The event was held on 28th October 2023 and was organised by the Zimbabwe Judo Association under the umbrella of the Judo in Schools programme. It was the Hellenic Primary School in Harare that conducted the Japanese Ambassador Tournament.

His Excellency, the Japanese Ambassador Mr Satoshi Tanaka and his staff, but also Mr Chadenga representing the Minister of Sports and Recreation, Minister Kirsty Coventry, were present. 19 schools and 300 children participated.

Among the participants were 21 refugees, accompanied by their coaches. 17 of them won a medal, mostly gold. A few years ago, the Zimbabwe Judo Association entered into a tripartite agreement with their neighboring countries, Malawi and Zambia. The goal of the programme is to develop a Judo for Peace regional programme and part of its mandate is to invite refugees in all tournaments to promote inclusion. The purpose of the programme in Zimbabwe is to provide safe and fair opportunities for refugees to participate in judo. In this framework, Zimbabwe signed a bilateral agreement with the UNHCR to provide assistance with the movement and travel of the refugees, since most do not have formal documentation.

All through the year, judo activities are taking place in the Tongogara Refugee Camp which is located near Chipinge, Zimbabwe, about 420 km southeast of Harare, and counts 17,000 refugees from 15 different nations. To date, after the introduction of the Judo in Schools programme, the centre welcomes more than 100 participants. Some of them could participate in the Japanese Ambassador Tournament.

Equipment donation in Tongogara

Recently, on 31st January 2024, the refugee camp which was rebranded Tongogara Settlement Camp, received 50 tatami and 40 judogi, donated by the IJF, helping to further develop activities. Tongogara was therefore made the epicentre for the Judo in Schools programme in the region. It is designed to not only enhance physical fitness but also instill essential life skills and values such as discipline, respect and teamwork, while identifying talent. In 2023, the refugee judoka participated in five tournaments including the Japanese Ambassador Tournament.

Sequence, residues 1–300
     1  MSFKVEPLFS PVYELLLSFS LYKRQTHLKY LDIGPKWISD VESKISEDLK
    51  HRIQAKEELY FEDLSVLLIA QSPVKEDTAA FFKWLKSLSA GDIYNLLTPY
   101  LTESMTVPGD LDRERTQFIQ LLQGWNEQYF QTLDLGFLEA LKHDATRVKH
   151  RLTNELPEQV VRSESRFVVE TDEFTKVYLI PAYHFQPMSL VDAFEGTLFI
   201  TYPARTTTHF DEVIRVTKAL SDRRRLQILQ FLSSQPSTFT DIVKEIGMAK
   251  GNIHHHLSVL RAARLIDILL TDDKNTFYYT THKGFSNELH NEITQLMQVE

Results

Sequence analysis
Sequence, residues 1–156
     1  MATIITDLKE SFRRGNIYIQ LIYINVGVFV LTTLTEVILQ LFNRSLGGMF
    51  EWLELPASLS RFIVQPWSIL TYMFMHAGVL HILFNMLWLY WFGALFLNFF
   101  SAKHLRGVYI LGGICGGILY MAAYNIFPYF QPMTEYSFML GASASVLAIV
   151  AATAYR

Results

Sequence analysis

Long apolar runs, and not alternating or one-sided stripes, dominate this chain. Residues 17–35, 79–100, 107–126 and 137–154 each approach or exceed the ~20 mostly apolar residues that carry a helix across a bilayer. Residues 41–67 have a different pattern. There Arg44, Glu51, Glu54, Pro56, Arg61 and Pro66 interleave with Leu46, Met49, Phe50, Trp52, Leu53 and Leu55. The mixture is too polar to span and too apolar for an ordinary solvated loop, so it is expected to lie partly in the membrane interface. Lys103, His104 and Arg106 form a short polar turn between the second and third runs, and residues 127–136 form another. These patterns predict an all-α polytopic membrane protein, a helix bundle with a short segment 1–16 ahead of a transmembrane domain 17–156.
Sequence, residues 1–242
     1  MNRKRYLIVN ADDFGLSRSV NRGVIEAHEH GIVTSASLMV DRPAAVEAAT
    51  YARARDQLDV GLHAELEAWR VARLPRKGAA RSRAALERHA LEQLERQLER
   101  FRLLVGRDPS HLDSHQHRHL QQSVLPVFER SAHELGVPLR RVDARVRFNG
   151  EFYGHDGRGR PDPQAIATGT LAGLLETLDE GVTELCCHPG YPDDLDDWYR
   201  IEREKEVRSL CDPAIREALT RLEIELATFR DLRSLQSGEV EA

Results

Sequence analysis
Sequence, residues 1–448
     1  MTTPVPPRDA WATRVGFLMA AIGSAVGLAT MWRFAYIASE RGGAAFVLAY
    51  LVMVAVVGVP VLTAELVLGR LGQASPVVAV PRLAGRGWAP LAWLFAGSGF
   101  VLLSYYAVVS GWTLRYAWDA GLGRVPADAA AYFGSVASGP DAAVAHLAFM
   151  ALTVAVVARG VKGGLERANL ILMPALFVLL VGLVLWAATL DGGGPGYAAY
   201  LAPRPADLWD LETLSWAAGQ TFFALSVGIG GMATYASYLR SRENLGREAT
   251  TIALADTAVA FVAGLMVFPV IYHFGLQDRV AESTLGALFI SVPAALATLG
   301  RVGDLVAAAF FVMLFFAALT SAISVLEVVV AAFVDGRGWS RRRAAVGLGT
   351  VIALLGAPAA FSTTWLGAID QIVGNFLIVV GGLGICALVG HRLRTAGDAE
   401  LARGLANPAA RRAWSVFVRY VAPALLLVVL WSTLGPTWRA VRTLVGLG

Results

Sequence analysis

As part of this regional development work, the Japanese Ambassador Tournament was perceived by the parents as excellent, a big opportunity which brings exposure to their children. Teachers were very happy and excited for their pupils. "The headmaster of St Jones school spent the whole competition close to the tatami and did not sit at the VIP table. He wanted to be close to his students," explained Smart Deke, the president of the Zimbabwe Judo Association, "It was impressive. The competition was viewed as a high level and very intense event, which went very well."

For the federation, the impact of such an event is important. First of all it's good promotion for the sport nationally and regionally. It helps to encourage cultural exchanges, bring skill development to the participants and gives them a sense of community which for the inclusion of the refugee communities is crucial. The tournament offered ideas around leadership and sportsmanship while being an inspiration for future athletes.

The positive repercussions of all the activities are already visible, "The tournament was well promoted and it attracted the attention of many schools. Year after year it's developing and we hope that soon it will get even more visible at the regional level. We are planning to have more editions of the event. The Japanese Ambassador Tournament is an opportunity for the Zimbabwe Judo Association to host a prestigious tournament.

In judo it is difficult, if not impossible, to completely separate the educational and sport dimensions. One goes with the other and vice-versa. This was proven perfectly with the Japanese Ambassador Tournament, which as the pinacle of a more in depth development programme at school level. What is even more impressive is that an event such as this offers the opportunity to talk about Judo for Peace and the inclusion of refugee communities. Cultural differences and respective backgrounds came together last October in Zimbabwe and that is thanks to judo.

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